That's all of interest because mounted on that rooftop is a massive billboard. Signage identifies this as Infinity Billboard #0185, though Infinity is now a part of Viacom Outdoor. Viacom owns CBS, among other properties. Locally, a CBS affiliate airs Judge Judy's show. It's a small world.

Billboard #0185 has been papered with the Judge Judy ad. In fact, it has been re-papered. Viacom Outdoor prints extra copies of ad campaigns to keep in reserve. They also use acetone and a product a company spokesman compares to baby wipes to clean signs when possible.

As of this writing, the new Judge Judy board is graffiti-free. A past version, though, was full of text that wasn't there when the board first went up. In big white bubble letters with black outlines it read, "Envy." Next to that was an equally large set of letters resembling some sort of initials written in green and burnt red.

Smaller, less labor-intensive tags dotted the board, too: "Cloud." "Yano." "Sur." Probably all signatures of individual taggers. The latter may be an abbreviation of "sureF1o," as in Southlander, in Spanish. The board also read "Rip Robove," perhaps a memorial. And "OTC"--that's shorthand for "On The Run," an L.A. graffiti crew active since the mid-'80s.

When I inform MEAR1 via telephone that some graffiti writer has painted "Catch a Real Criminal" up on the sign, he replies, "Right on!"

I tell MEAR1 about some obscenities painted on the board that are directed at the TV personality. "Right on!" he says again. "I mean, basically that's real. Graffiti art has nothing to do with Judge Judy. 'Judge Judy' is some stupid TV program for a bunch of sheep to hang out and watch. The real story is going on in the streets. TVs are an illusion box."
* * *

Craig Gilmore is the point man for the Silver Lake Improvement Association's graffiti removal effort. That's one neighborhood west of Echo Park. Gilmore used to paint over graffiti himself. Now he serves as an area liaison of sorts for the Hollywood Beautification Team. Gilmore sends the team a fax every week with all of the addresses of tags in his area, and the HBT comes by and paints over them. Over the past three years, Gilmore estimates he's sent in 2,000 location requests; some walls have been painted over 50 or 60 times, he says. He also claims that gang activity is up in his neighborhood, which he blames, in part, on fallout from the LAPD/Rampart scandal.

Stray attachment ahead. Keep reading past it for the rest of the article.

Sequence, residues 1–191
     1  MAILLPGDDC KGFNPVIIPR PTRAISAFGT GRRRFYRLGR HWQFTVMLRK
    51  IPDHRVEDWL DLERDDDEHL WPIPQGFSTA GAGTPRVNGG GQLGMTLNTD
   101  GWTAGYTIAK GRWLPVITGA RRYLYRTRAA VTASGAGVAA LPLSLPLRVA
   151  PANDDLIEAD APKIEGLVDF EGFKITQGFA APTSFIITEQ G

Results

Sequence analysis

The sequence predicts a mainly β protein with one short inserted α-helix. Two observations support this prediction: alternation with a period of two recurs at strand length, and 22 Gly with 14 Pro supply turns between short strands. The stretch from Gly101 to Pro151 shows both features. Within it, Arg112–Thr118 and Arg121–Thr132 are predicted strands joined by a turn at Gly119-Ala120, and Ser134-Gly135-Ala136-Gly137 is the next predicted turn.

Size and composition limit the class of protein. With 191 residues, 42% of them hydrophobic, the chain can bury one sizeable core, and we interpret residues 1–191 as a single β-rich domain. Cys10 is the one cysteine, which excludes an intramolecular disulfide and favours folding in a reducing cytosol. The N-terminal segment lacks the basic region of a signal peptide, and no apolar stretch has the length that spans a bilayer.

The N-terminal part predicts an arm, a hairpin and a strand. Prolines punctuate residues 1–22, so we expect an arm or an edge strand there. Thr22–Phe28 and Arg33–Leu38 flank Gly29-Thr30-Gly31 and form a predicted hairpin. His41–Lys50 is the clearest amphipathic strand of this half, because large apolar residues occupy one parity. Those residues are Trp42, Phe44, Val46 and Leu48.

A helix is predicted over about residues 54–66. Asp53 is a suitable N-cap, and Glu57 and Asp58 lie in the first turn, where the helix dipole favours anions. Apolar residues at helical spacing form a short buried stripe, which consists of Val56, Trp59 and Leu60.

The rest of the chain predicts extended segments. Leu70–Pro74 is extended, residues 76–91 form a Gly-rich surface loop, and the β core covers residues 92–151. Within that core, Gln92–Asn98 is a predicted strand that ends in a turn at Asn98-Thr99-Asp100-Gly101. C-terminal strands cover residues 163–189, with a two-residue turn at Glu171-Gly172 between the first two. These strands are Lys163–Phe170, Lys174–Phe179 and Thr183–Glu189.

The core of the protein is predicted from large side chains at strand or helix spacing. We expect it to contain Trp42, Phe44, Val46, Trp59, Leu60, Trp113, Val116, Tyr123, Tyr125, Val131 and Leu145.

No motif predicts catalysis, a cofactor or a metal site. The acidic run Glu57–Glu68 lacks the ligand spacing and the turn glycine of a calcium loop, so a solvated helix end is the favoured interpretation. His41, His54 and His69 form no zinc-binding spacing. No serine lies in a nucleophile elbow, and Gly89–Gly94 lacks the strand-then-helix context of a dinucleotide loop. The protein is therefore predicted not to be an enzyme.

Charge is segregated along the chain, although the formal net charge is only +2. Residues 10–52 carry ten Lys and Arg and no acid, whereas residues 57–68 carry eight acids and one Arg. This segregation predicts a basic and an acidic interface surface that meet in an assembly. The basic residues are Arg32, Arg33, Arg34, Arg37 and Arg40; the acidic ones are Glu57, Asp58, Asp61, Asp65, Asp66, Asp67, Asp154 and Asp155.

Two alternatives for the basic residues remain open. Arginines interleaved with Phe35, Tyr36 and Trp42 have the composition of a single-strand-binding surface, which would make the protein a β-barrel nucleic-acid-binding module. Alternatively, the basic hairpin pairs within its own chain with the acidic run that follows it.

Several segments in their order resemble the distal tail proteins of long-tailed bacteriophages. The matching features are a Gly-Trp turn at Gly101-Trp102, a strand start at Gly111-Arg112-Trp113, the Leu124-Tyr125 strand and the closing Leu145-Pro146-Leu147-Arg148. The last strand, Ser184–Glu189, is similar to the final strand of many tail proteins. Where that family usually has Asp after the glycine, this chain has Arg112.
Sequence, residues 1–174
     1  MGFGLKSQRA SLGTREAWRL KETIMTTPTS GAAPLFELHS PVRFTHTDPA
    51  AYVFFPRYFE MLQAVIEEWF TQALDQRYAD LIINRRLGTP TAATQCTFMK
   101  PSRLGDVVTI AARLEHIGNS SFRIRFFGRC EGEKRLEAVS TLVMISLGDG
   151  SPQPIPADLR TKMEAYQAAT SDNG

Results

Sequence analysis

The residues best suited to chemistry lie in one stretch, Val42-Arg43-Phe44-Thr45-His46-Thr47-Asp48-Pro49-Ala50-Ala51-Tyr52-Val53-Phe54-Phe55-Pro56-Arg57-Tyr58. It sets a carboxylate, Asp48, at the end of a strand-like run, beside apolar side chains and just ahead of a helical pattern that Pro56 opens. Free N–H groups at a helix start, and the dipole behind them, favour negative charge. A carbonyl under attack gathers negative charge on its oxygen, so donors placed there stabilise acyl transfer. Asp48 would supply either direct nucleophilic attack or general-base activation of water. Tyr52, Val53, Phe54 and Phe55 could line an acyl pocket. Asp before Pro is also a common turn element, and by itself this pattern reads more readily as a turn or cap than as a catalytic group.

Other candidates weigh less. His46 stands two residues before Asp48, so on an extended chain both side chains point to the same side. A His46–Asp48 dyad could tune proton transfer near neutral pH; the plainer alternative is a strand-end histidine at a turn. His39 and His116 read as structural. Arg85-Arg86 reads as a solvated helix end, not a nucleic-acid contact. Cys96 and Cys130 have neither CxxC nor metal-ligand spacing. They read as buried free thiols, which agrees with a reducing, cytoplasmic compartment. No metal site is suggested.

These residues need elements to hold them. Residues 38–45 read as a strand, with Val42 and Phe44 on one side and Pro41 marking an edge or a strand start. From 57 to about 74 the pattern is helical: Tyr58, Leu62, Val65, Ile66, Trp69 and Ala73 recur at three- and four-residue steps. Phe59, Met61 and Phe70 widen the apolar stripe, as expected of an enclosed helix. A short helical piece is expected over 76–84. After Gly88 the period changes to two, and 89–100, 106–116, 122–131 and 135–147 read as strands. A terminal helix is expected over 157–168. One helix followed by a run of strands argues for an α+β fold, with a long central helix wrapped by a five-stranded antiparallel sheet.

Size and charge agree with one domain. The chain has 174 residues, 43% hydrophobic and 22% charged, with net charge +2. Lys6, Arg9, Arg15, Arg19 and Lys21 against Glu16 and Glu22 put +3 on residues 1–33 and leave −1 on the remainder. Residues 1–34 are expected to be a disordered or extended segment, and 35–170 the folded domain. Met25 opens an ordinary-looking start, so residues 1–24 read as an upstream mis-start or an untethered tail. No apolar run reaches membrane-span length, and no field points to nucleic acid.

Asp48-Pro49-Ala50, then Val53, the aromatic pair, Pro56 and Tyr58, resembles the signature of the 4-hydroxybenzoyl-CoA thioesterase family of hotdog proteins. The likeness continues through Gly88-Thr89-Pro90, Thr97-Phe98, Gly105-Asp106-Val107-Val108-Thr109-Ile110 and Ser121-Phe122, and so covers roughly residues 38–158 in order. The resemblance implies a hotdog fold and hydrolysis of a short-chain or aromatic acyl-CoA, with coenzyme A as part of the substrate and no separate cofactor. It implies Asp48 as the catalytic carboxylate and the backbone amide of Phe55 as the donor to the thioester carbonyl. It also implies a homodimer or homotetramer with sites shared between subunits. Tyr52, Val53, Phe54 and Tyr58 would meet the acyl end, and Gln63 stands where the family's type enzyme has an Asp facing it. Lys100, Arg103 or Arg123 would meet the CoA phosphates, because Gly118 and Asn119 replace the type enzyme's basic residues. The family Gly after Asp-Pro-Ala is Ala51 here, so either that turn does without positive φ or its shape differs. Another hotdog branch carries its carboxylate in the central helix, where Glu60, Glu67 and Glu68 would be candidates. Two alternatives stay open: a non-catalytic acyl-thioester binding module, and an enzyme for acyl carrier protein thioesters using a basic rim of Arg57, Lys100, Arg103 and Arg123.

If anyone should be down with the Judge Judy billboards, it ought to be Gilmore.

"I know I took a second look when I saw it the first time," Gilmore replies via e-mail. "But having seen her show once what I really was thinking was, 'Wow, is she someone's mother?'"

"She's pretty harsh and sensationalist," the activist says. "At least if they tag that particular billboard it will just look like part of the campaign, and I guess in a city that gets its billboards tagged so often that's a pretty brilliant solution. How many times can you use it though? And I don't think that Judge Judy's humiliating slaps on the hand are going to solve the bigger problem."

By this point, it would be appropriate to explain what Judge Judy herself, or at least her show's producers, or the ad agency, or anyone from Paramount television, or their Big Ticket Television unit, or even the show's independent publicist, Gary Rosen of Gary Rosen Communications, have to say about any of this.

They all declined to comment.

One of the questions I had asked, even submitted via e-mail, for the "Judge Judy" people to address was this: "If tagging is considered an urban aesthetic blight, are billboards?"

They could have demurred. Could have rejected the premise. They said nothing. In response to the same question, however, Bob Bryan and MEAR1 have plenty to say.

"People put billboards up in front of us all over town and block our view of the sky and the mountains and everything," MEAR1 says. "And one kid goes up and paints on it and suddenly he goes to jail."

"Exactly," Bryan says. "Reputedly, they can do that because they have money and they buy this space. The average citizen is not asking for it, but under the sake of capitalism and commercialism, that kind of visual graffiti, that kind of blight is OK. It's OK if you can pay for it, if you have money. But if you do not have money, you have no right to communicate to people in this way."